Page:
It was the reckless new kid on the block that taunted cab companies for their inefficiency and baited city governments into banning its service. In its latest role, Uber, the ride-sharing startup the press loves to hate, is playing the chastised child.
Last week Uber CEO Travis Kalanick sought “partnerships” with EU cities at Brussels. As part of this partnership, he promised to create more than 50,000 jobs and reduce pollution. The company has already started similar initiatives with cities here in the States. For example, it shares critical congestion data with Boston. These developments come after the startup’s “charm offensive” toward the press. (Typically, Uber has taken an arrogant and confrontational stance against the fourth estate and city governments).
For a company that already has revenues upwards of a billion dollars (and raised another billion dollars in convertible debt today) and is wildly popular with consumers, these efforts seemed like bending over backwards.
So, what happened in the last few months to change the startup’s stance toward disruption?
Uber’s seemingly disruptive stance was always a front for public relations. Fawning press and phenomenal ride request growth had already ensured that Uber was ahead of the ride-sharing pack. However, it’s competitive moat or differentiating factors from other, similar ride-sharing apps, was slim. The rise of local competitors, who were favored by their respective governments, also did not help matters.
Uber’s combative stance was the secret sauce that provided the company with an edge and free PR. In this role, the startup cast itself as the scrappy (but efficient) underdog up against the establishment.
To a certain extent, that characterization was true. The cab industry hasn’t faced competition for much of its existence. Supply hasn’t always kept up with demand and the industry has become notoriously inefficient. A raft of regulations and high medallion prices have deterred competition in the industry. Uber (and other, similar ride-sharing apps, such as Lyft and Sidecar) provide an alternative to cabs and much-needed competition to the industry.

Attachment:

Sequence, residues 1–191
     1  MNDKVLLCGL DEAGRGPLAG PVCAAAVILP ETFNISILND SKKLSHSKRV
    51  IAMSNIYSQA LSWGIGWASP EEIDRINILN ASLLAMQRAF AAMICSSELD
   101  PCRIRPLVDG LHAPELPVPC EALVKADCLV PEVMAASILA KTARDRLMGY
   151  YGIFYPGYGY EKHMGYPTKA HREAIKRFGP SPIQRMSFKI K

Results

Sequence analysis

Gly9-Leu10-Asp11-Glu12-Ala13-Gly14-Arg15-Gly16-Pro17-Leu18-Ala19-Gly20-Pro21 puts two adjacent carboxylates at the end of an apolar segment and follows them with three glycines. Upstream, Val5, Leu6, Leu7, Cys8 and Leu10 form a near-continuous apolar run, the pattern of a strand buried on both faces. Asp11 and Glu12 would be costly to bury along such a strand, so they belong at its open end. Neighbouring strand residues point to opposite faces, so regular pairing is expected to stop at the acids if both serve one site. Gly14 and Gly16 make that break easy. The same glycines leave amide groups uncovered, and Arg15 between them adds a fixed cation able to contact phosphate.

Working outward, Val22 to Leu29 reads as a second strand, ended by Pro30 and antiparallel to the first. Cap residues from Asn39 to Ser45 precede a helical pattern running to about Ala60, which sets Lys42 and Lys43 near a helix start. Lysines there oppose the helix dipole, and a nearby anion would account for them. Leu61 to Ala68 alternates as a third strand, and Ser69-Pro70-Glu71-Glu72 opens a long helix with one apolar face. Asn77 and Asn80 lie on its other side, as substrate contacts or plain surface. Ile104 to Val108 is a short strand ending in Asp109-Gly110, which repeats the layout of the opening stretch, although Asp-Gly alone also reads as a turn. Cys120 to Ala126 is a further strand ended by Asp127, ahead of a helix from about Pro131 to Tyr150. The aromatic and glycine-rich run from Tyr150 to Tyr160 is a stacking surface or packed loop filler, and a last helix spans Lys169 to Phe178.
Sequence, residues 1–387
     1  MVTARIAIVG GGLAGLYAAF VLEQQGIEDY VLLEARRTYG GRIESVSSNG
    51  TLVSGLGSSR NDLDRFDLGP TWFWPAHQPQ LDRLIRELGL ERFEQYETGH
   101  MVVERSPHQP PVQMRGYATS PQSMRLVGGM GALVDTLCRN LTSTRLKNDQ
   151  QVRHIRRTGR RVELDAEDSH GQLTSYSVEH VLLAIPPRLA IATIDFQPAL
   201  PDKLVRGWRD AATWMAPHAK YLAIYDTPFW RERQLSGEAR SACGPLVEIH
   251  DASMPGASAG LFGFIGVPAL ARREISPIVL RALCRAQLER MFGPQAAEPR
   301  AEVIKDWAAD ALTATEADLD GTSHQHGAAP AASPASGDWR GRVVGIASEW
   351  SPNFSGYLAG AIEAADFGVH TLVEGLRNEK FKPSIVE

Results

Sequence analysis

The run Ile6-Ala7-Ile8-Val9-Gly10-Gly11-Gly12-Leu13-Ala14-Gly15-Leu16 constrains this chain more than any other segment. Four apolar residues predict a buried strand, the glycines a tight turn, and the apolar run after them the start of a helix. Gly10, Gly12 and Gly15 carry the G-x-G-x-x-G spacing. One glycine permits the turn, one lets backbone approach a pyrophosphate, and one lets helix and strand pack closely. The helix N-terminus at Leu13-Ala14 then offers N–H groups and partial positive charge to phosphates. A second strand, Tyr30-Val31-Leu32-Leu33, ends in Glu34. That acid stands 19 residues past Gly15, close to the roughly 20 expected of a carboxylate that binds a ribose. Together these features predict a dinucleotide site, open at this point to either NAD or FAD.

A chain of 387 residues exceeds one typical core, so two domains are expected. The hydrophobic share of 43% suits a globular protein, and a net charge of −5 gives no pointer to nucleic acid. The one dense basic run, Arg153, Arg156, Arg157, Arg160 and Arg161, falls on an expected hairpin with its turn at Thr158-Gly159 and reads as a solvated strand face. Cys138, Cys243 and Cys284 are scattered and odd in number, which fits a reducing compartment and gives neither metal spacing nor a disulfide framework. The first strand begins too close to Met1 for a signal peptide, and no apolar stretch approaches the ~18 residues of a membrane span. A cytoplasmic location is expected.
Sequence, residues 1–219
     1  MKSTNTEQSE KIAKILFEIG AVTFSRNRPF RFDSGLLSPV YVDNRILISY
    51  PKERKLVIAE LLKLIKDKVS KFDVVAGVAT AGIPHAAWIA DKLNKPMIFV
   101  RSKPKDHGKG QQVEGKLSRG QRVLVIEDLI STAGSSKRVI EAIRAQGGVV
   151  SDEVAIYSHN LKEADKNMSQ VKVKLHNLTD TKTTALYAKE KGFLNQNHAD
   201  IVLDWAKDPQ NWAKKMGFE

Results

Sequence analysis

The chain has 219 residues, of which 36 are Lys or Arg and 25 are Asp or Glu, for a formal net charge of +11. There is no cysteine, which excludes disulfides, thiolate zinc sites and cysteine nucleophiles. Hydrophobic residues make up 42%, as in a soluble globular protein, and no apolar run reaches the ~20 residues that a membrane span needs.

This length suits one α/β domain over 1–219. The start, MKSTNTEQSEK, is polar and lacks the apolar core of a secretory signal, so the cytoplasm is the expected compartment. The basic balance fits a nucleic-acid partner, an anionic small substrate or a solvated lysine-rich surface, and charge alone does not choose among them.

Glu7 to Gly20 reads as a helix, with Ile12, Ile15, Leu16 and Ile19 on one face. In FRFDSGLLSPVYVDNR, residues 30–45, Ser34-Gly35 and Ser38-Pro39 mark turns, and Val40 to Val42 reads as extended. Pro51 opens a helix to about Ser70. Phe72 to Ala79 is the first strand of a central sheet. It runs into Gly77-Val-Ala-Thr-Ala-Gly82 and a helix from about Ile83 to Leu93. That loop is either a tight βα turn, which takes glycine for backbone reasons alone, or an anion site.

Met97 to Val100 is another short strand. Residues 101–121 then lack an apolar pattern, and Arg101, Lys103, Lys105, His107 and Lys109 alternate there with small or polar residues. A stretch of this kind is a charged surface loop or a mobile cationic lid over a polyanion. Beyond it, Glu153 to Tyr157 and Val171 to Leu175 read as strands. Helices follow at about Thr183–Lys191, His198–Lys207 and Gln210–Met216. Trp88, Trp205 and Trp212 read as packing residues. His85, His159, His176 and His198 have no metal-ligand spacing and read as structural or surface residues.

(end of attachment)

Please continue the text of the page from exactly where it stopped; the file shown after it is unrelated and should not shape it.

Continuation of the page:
The problems began when Uber began believing its own narrative about disruption. Increasingly, the startup’s behavior crossed over from brusque to belligerent and boastful. This attitude was reflected internally, where Kalanick emphasized a “win at all costs” culture.
The CEO practiced what he preached to his employees: A Vanity Fair profile about Kalanick was rich with details about his competitive nature and the company’s aggressive tactics and culture (their meeting room is called the War Room, for example).
In the profile, he boasted about calling up venture capitalists to block funding for rival Lyft. Criticism of the company’s bro culture further intensified after Kalanick referred to his app as boob-er in a GQ interview. Noted venture capitalist Peter Thiel called the startup the most “ethically challenged” company in Silicon Valley (it should be noted, however, that Thiel is an investor in Lyft, Uber’s competitor).
But, true to its nature, Kalanick and his startup refused to back down until BuzzFeed editor Ben Smith’s report about Uber’s plans to dig up dirt on select journalists, who criticized the company. That was the start of an intense media campaign to highlight the company’s culture, its questionable tactics, and run-ins with city governments. Things went downhill further when an Uber passenger was raped by a driver. Suddenly, the startup, which thrived on confrontation, seemed to disdain it.
The way forward
To be fair, the startup’s phenomenal growth is to blame for most of its current problems. Uber’s valuation has grown exponentially over the years and it is currently valued at upwards of $40 billion. The startup raised another $1.6 billion in convertible debt on Wednesday and it has a diverse mix of investors, including governments, Amazon founder Jeff Bezos, and marquee venture capital firms. That is not shabby performance for a startup that is less than five years old.
But, as I mentioned earlier, it has a narrow competitive moat; an aggressive expansion strategy that allows it to become the first-mover in multiple cities is a safe bet to safeguard its revenues. The startup could take a leaf out of AirBnB’s book on expansion. The sharing economy startup has a similar premise as Uber — it enables strangers to rent out rooms to guests — and has run into similar problems. Instead of confronting the authorities, however, AirBnB has chosen to negotiate with them. AirBnB has a much more positive consumer perception than Uber.
But, then, it is not valued at $41 billion.